Creating Python's next() alternative using Go Closures

πŸ“… June 4, 2020 β€’ πŸ•£ 1 min read β€’ 417 totalwords

If you don’t know what next() in python means, the below code illustrates it.


MCU_Movies = iter(["Iron Man", "Thor", "Captain America: The first Avenger"])
x = next(MCU_Movies)
print(x, end="\n")
x = next(MCU_Movies)
print(x, end="\n")
x = next(MCU_Movies)
print(x)

So if you had guess this would print

Iron Man
Thor
Captain America: The first Avenger

The next() function is used to get the next item in an iterator.

Go doesn’t have a next method (nor the concept of iterators actually) so we will try to achieve something similar using Closures.

  • A closure is implemented through a anonymous(function with no name) function, basically closure is an instance of function.
  • In Go functions are first class citizens, meaning we can do all sort of things with them, assign them to a variable, pass as an argument to another function.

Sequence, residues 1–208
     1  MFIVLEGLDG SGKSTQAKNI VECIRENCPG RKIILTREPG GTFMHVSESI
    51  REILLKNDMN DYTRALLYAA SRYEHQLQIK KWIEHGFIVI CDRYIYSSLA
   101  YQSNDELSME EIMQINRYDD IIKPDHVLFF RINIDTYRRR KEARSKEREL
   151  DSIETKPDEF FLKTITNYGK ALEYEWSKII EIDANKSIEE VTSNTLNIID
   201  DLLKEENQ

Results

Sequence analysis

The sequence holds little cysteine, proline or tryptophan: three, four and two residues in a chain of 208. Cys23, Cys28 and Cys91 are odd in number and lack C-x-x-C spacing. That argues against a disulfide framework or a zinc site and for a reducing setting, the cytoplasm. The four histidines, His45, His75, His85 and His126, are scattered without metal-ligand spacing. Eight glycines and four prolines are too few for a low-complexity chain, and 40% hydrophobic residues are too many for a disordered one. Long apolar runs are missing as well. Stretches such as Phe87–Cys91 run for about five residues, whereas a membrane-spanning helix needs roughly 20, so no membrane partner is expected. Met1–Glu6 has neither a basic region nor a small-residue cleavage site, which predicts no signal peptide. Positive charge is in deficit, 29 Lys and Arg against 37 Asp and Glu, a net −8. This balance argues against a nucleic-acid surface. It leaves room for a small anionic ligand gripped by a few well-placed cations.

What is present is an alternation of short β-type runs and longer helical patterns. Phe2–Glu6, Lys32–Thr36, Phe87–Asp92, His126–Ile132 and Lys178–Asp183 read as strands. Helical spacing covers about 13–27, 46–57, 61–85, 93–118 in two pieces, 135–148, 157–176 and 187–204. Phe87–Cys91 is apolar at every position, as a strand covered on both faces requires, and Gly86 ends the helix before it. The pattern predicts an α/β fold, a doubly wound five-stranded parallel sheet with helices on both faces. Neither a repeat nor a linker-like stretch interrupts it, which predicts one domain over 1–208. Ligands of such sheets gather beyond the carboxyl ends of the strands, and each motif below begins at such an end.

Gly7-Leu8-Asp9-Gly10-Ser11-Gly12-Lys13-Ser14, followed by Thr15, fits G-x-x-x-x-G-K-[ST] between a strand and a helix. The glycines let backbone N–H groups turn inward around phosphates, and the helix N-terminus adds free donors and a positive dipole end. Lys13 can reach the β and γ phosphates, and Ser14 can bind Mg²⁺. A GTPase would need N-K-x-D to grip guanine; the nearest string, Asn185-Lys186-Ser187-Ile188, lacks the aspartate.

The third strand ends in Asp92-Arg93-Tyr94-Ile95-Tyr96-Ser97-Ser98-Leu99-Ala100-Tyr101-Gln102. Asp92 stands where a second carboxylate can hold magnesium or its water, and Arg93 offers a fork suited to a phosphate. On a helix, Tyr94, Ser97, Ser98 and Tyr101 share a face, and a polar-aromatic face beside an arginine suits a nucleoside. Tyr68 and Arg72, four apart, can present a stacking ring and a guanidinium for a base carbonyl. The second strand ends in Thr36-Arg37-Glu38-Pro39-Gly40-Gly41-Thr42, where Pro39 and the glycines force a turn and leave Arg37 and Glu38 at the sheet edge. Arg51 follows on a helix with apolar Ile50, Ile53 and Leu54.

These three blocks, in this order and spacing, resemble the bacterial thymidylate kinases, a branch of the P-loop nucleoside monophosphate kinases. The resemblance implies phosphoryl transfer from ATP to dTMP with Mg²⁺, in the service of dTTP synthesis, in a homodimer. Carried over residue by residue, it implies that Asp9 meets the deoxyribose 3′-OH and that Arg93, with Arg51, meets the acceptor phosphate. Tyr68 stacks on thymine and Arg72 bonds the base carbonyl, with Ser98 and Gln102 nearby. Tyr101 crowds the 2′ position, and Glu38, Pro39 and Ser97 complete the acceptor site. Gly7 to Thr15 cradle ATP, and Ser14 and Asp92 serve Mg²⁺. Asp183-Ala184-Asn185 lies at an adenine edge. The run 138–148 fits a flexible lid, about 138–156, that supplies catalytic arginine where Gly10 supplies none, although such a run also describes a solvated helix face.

Below is a naive implementation of how this could look in Go. Ping me if you have a better way to do this ;)


package main

import "fmt"

/*
nextIterator returns another function, which we define anonymously in the body of nextIterator.
The returned function closes over the variable index to form a closure.
*/
func nextIterator(array []int) func() int {
    index := -1

    return func() int{
        index++
        return array[index]
    }
}
func main() {

	// an integer array
    var prices = []int{7, 1, 5}

    // create an instance of the anonymous function. i.e, a closue
    next := nextIterator(prices)

    // call the closure
    fmt.Println(next())
    fmt.Println(next())
    fmt.Println(next())

}

Here is a sample output

7
1
5

See this demo on Go Playground.